At the time of the AT&T divestiture I was responsible for what they called the Mid-Atlantic Region for AT&T. This involved managing all of the stuff in a seven state region that stayed with AT&T. All of the rest stayed with the divested local operating companies. In the latter part of 1984, after the break-up, I was transferred to California to run the Western fourteen states for AT&T. I did that for a few years, and then decided to resign from AT&T—something few had ever done before at the corporate officer level. I went to work for Pacific Telesis, which was the holding company for Pacific Bell. I started there as Vice President and Treasurer, which at that time was a $20 billion firm. And then I went to Pacific Bell and ran most of Northern California operations including, installations, engineering, business office, construction, human resources, etc. After that they broke the company into four business units, and I ran the one of the two for Northern California. I retired in 1997 at age 55.
I had a very rich career. Perhaps I wasn’t an expert at any one thing, but I learned across a wide range of experiences. I majored in engineering when I went to college because I wanted to take the most difficult courses that were available. I went through the catalog and checked those that seemed most challenging and proceeded to take them. I had absolutely no idea what I was doing. Ultimately, this experience gave me a range of knowledge to apply throughout my career in the various positions I held. Even when I had no prior experience in a new job, I was able to work it through mentally. I wouldn’t change a thing in terms of how my career unfolded—other than the break-up of the Bell System, which started things down hill for a lot of good people.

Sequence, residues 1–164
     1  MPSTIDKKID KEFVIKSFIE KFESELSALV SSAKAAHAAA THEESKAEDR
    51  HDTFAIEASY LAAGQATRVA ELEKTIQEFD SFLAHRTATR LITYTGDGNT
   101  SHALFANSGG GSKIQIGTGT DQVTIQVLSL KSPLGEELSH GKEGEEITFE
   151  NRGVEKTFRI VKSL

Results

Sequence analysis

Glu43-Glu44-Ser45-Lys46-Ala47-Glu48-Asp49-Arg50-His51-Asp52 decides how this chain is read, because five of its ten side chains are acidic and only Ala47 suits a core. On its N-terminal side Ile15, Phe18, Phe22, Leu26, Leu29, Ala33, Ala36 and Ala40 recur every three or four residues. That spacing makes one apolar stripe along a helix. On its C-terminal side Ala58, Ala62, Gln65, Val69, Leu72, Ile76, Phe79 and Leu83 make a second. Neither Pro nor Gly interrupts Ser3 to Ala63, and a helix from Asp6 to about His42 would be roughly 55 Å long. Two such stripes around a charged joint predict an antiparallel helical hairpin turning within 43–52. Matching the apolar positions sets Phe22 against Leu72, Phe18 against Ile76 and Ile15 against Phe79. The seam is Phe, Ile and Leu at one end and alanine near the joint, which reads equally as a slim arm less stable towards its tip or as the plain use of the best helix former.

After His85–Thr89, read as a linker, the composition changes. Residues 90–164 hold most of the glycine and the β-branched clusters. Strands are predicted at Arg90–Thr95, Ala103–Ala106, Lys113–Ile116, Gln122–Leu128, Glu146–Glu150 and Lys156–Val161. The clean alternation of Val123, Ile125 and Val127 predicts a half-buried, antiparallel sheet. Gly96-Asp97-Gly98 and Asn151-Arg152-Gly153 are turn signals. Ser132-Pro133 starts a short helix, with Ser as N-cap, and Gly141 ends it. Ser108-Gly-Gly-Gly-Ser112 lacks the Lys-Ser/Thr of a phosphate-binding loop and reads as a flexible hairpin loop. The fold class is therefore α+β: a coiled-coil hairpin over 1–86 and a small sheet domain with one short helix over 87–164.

4. Is there a history of community service in your family background? If so, how would you describe it?
No, not really. We were probably lower middle class. My mother was a housewife with five kids, and my dad worked 70 hours a week. Because there wasn’t much time for anything else, I never saw them involved in any civic activities. And other than being wonderful parents, my mother and father never gave us kids the example of what we eventually became. Three of my four siblings are the same that I try to be—very giving people. There is something in our DNA that has made us like this. My siblings don’t have much in the way of financial resources, but they are all very giving of their personal time and talents. Whenever I talk with them they are doing something more for people. They’re truly amazing.Download Article 1K Club